Hard to believe this image is nearly 20 years old, because I recall this moment clearly. This photo was shot on Fuji Velvia 50 film pushed to 200, and is one of probably a dozen of my shots published to illustrate the article I wrote on this event.
It was early in the morning of the NORBA National Championship Series finals and I was already on track to get some downhill practice photos before I had to shoot finals later in the day. Then, if time allowed, sneak in a DH practice run for myself. You can tell it's early morning, because the sun had recently risen and is hitting the trees directly from the side creating the long, dark shadows covering the entire track.
Being this was Sunday, I'd already walked and shot entire course a few times since that Thursday. Practice hadn't yet begun, so no riders were on course. I shuffled my insufficiently caffeinated self a few hundred yards down the wet, morning dew-covered race course in pursuit of the first shot location I had in mind. As I walked with my back to the course I suddenly heard what sounded like a rider in the distance. Then, I realized it wasn't just any rider, rather a very distinct sound and it was quickly approaching: the one-of-a-kind Honda RN01 gearbox-driven downhill bike. I stopped in place and thought, "Minnaar."
The year prior (2003), Greg had just won his first world championship aboard an Intense-built Haro downhill bike with Manitou suspension. (He now has four world championships, three World Cup overall titles, and 22 elite World Cup Downhill wins—most all time.) Minnaar then made the switch to ride for Honda's newly formed G-Cross downhill mountain bike race program (2003-2006) that featured the one-of-a-kind gearbox box bike that not only looked insane and was never produced, it claimed to have near-infinite gear ratios (well, for that first year's bike, anyway).
(Bike Nerd Alert: If my memory is correct, the Honda G-Cross program existed from 2003 to 2006, but only this very first year did the RN01 bike have the internal transmission with engaging clutch-style plates to deliver wide-ranging gear ratios [and a very unique sound when coasting]. After 2003, the proprietary Honda RN01 DH bikes looked aesthetically the same, yet inside the gearbox transmission they basically had two standard-ish looking and criss-crossing derailleur-type devices and cassette inside a "gearbox" to provide the wide-ranging gear ratios. As memory serves, this was a significantly lighter-weight system, and also required a lot less maintenance. I'm sure if any of this is wrong I'll be informed in the comments. Moving on...)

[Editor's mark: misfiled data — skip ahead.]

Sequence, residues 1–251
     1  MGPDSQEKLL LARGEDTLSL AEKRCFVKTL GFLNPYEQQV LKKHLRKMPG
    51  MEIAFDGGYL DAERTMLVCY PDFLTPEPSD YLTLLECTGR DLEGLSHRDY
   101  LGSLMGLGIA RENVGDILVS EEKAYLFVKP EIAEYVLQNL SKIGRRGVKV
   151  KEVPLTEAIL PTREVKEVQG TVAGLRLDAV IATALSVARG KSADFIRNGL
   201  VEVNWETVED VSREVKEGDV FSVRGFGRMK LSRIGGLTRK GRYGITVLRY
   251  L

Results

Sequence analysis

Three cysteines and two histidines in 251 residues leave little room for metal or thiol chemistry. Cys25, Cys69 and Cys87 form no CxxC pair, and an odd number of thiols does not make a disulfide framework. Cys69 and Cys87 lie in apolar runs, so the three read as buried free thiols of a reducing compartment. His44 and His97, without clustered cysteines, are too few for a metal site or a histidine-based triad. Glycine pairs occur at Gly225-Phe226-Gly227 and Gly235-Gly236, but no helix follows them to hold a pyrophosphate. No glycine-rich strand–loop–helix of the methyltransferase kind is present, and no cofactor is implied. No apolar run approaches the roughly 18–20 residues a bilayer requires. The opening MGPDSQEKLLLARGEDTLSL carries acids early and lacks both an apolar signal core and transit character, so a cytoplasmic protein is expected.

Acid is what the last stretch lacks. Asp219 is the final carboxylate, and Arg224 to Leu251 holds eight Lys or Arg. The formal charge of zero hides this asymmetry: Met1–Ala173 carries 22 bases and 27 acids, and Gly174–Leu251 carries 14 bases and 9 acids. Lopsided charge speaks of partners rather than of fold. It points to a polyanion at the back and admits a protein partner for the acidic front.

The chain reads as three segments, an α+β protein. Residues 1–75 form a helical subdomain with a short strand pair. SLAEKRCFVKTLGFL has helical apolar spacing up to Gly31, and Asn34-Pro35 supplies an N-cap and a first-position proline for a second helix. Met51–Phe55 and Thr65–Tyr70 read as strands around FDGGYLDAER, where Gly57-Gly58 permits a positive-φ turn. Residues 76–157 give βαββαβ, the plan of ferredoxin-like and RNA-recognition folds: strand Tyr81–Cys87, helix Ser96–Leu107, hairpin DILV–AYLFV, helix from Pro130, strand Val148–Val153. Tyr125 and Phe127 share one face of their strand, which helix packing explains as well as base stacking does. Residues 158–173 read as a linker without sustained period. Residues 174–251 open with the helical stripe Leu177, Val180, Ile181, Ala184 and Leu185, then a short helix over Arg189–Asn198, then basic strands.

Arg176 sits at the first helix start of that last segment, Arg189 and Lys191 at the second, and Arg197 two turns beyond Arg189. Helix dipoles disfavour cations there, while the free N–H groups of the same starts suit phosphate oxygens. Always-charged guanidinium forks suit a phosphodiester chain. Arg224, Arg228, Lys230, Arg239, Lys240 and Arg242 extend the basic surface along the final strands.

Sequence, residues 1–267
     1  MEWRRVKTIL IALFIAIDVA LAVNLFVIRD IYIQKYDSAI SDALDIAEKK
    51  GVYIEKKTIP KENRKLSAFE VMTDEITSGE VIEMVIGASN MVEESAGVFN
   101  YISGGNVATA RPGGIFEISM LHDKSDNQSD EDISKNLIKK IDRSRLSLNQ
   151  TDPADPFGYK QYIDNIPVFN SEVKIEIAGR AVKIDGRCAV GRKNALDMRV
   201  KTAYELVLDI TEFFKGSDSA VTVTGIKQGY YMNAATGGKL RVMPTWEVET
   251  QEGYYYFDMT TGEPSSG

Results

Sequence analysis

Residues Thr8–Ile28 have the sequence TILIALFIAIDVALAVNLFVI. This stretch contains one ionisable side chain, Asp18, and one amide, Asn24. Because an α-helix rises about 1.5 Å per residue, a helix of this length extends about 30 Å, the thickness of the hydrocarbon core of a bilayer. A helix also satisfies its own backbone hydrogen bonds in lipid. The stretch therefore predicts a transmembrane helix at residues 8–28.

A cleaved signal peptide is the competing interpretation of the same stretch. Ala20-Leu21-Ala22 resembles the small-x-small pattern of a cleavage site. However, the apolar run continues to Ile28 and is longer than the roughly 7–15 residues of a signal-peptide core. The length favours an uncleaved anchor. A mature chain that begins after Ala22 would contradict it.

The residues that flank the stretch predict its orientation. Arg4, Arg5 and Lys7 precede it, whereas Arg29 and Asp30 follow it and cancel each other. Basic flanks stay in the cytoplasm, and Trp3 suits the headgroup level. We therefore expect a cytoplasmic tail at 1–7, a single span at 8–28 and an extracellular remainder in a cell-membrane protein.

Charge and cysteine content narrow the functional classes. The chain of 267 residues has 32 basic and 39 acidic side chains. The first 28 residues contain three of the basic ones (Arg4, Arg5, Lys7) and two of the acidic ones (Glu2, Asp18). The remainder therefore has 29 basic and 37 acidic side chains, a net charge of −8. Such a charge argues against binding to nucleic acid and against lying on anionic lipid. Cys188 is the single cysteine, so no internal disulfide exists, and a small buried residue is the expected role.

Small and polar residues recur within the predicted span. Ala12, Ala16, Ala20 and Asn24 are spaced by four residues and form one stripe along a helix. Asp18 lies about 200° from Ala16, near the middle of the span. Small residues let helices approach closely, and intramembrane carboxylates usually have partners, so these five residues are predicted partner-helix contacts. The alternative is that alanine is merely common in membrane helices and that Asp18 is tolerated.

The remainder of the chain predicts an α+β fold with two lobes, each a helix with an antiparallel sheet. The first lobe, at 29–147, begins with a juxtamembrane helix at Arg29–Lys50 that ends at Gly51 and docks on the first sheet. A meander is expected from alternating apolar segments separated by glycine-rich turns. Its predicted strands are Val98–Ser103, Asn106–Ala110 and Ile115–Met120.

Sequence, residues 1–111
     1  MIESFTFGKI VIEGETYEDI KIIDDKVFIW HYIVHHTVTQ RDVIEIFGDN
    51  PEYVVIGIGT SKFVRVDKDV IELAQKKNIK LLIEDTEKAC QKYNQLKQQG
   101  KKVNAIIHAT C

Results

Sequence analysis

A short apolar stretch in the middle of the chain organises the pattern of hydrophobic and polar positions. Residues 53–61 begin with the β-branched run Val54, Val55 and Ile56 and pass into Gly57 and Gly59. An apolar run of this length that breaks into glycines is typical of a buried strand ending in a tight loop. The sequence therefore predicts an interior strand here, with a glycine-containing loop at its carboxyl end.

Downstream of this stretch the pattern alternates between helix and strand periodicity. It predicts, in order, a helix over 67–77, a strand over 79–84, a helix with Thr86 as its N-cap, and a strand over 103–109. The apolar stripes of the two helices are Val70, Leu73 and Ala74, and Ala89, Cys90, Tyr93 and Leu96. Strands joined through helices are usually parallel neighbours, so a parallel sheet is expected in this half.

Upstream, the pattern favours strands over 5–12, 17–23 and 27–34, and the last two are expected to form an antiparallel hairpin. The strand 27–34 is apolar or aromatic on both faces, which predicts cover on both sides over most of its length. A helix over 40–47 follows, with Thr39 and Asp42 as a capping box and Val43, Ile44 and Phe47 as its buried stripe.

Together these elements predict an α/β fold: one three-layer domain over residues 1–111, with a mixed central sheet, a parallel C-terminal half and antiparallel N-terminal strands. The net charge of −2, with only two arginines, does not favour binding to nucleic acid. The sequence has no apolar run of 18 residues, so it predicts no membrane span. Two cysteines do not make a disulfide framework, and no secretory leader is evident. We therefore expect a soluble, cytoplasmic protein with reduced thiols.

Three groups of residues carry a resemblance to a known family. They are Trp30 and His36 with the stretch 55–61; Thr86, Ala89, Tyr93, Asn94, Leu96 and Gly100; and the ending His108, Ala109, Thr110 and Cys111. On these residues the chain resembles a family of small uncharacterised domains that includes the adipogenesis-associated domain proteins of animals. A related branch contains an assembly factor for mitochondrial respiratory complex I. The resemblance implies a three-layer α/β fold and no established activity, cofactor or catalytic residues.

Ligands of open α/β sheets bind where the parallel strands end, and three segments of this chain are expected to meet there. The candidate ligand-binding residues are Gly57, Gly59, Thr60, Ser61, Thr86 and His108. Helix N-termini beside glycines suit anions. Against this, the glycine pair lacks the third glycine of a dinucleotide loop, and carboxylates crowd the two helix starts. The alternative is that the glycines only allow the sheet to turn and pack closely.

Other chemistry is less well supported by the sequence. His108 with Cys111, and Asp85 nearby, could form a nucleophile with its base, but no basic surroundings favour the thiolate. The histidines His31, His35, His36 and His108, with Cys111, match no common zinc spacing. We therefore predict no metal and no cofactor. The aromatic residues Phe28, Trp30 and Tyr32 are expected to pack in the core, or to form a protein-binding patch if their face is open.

As I hurried to get off to the side of the track, everything from this point must've happened in fractions of a second. Realizing the reigning world champion was charging toward me on the most unique bike in the history of downhill racing, I realized I needed to get a shot because there was no guarantee I'd get a good shot of him in the finals, and he was about to win the overall NORBA National Series title (hence the #1 on his plate). This might be the last time I saw him go by at the last US national race of the year.
When I looked back up the mountain toward where he was coming from, all I saw was a bright blue sky juxtaposed by completely dark brown and black race course. I could hear Minnaar's gearbox-driven bike making it's unique whizzing and whining sounds as it moved toward me while I stood blindly beneath him on the backside of a large step-down jump. I was still a long way from the location I intended to start shooting from, so I hadn't unpacked my flashes (I almost always shot with off-camera flash for about a decade) and wasn't yet in position or prepared to shoot anything. I remember thinking that if I expose for the bright blue sky I'll have a black blob of a rider on a dark brown and shadowy hillside, which wouldn't be any good. But, I noticed the sliver of light poking through the trees on the backside of step-down jump I was standing beneath. So, if I exposed for the sky and could frame Greg jumping through the horizontal ray of sunlight maybe that would work. It did. This photo ran as a full page in the December, 2004, issue of Mountain Bike Action magazine.
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